Nicole kept her promises, just as she said she would. Happy couples tend to make plans and never account for the possibility that a break up might upend them. And so after our conversation on the concrete bench on that Autumn day, we decided to make good on all our plans – all the rehearsals and the classes together – out of both stubbornness and loyalty. She showed up ready to work at our first rehearsal of Who’s Afraid of Virginia Woolf? and never made it awkward. We attended ballroom dance class together and fell for it – decided to join the competitive team on campus as partners. Our class together that semester – a “Science of the Oceans” class meant only for the poets and athletes at the university – kept us actively in each other’s lives. And it was all great. It was almost as if we had never broken up.

It was better actually.

She was my confidante during rehearsals – someone to complain and commiserate with.
She was my partner in ballroom – connected, focused, and motivated.
She was my sleeping-in friend in our science class – that’s what we called it when we both slept through the class and then grabbed lunch at Chick-fil-A instead.

We were such better friends than romantic partners.

She started coming to my apartment between classes – it was either that or trudge back to hers on the other side of campus. We watched The Office while finishing homework – laughing at the reruns like it was the first time. Ballroom competitions became a regular occurrence – which meant weekend trips and long car rides to cities all over the Northeast – Birmingham, Cleveland, Philadelphia, Boston. Rooms were sparse so – sure we could split one if it helps. And rehearsals stretched far into the night; who wouldn’t carpool in that circumstance? It just made sense.

Yeah, we went to everyone’s plays together. Sure I saw her opening night in Steel Magnolias – and every night after that. I don’t remember exactly when she started sleeping over, but you understand why, with all the classes together, and the weekend trips, and the hang outs with mutual friends, and – what would you have had us do? Travel separately and do it all alone… together?

Nicole knew about my “dabbling” – a not-so-clever title for my queer trysts – but it never bothered her. In fact, it was a piece of my personality that she enjoyed thoroughly – it provided her a slightly different perspective from those of all the straight dudes around her. It lowered her inhibitions. Without the prospect of a romantic relationship, we suddenly focused on things far deeper.

No, we are not boyfriend and girlfriend… Why does everyone keep asking us that?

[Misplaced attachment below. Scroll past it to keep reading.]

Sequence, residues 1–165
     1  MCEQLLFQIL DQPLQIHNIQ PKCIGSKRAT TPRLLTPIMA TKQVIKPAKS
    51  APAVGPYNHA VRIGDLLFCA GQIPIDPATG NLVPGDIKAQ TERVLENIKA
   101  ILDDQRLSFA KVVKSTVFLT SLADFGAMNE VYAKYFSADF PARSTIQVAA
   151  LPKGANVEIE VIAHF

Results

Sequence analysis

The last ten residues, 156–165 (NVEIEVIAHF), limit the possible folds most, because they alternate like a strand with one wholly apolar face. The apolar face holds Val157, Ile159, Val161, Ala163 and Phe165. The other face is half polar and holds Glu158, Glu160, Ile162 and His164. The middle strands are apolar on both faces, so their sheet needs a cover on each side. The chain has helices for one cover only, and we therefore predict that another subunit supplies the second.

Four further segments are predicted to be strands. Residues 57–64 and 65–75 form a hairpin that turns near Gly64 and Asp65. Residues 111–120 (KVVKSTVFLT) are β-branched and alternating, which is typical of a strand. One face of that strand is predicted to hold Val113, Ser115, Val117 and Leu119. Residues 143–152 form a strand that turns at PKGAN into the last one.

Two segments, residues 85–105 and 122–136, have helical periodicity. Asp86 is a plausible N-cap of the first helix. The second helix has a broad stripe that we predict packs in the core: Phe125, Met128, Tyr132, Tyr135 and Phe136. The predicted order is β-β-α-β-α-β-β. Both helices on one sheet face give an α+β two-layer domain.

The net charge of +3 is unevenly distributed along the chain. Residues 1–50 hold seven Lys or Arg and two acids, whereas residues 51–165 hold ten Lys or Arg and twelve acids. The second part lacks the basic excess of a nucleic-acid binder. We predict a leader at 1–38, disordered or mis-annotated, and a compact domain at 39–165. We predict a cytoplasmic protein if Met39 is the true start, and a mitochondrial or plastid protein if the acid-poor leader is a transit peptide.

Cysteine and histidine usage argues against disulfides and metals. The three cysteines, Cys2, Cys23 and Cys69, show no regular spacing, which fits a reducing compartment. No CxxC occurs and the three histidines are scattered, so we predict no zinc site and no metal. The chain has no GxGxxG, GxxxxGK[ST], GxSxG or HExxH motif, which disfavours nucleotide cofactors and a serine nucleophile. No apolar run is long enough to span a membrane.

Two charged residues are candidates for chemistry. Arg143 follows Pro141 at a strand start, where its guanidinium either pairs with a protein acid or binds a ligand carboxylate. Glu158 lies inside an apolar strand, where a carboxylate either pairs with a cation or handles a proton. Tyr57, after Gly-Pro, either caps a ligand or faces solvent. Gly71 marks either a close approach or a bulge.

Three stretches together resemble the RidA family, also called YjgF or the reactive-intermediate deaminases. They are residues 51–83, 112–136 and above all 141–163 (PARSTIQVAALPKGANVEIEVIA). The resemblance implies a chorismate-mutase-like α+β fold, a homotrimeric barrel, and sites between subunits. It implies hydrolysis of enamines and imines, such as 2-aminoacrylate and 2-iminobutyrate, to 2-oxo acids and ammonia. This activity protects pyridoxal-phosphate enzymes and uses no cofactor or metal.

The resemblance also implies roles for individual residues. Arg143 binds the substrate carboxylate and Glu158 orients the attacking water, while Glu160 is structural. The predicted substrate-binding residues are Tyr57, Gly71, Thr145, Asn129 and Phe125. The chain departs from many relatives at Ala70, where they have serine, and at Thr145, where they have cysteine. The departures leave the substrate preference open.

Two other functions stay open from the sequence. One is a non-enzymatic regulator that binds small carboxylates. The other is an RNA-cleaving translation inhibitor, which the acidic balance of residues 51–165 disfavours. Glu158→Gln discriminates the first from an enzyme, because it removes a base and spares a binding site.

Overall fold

One afternoon, between science class and ballroom practice, we sat on my couch, each completing respective assignments. I was leisurely writing a short story due for my workshop later that week – she was preparing a speech for her public speaker seminar. Neither was due tomorrow, or even the next day – no urgency. We sat in complete silence; there was no need to entertain one another. Content in each other’s presence alone…

And that’s when I realized I had a girlfriend.

An Out: Psalms 21 – 30

(This is the third part of a multi-part entry. Check out the first and second entries)

Yet you brought me out of the womb;
    you made me trust in you, even at my mother’s breast.
From birth I was cast on you;
    from my mother’s womb you have been my God.
Psalms 22:9-10 (NIV)

Campus was situated between a pair of small mountain ranges that gave the weather an evasive quality. Storms – rain or snow in nature – always lurked as a possibility, ready to threaten any outdoor plans. Late in Fall, a stable layer of clouds descended onto the valley and held on until mid Spring, creating a gray haze that enveloped the school. I had asked Nicole to meet me by the concrete benches outside our theater club’s venue, and the Seattle-like weather hung above me as I waited. It seemed too early for the perma-clouds – it was only September after all. Early winter, I thought. Couldn’t stop it.

We had made plans together. I was slated to direct Who’s Afraid of Virginia Woolf? near Christmas, and she had signed on to be my assistant director. We also had classes together, including a new ballroom dance venture – an easy way to get gym credits. We had plans as soon as that evening – a cast party for a play put on by our mutual friends. Everyone would notice if we came separately or not at all. Six months had passed since the laundry room night, a few less since we had made it “official.” But I could not do it anymore, so it needed to end.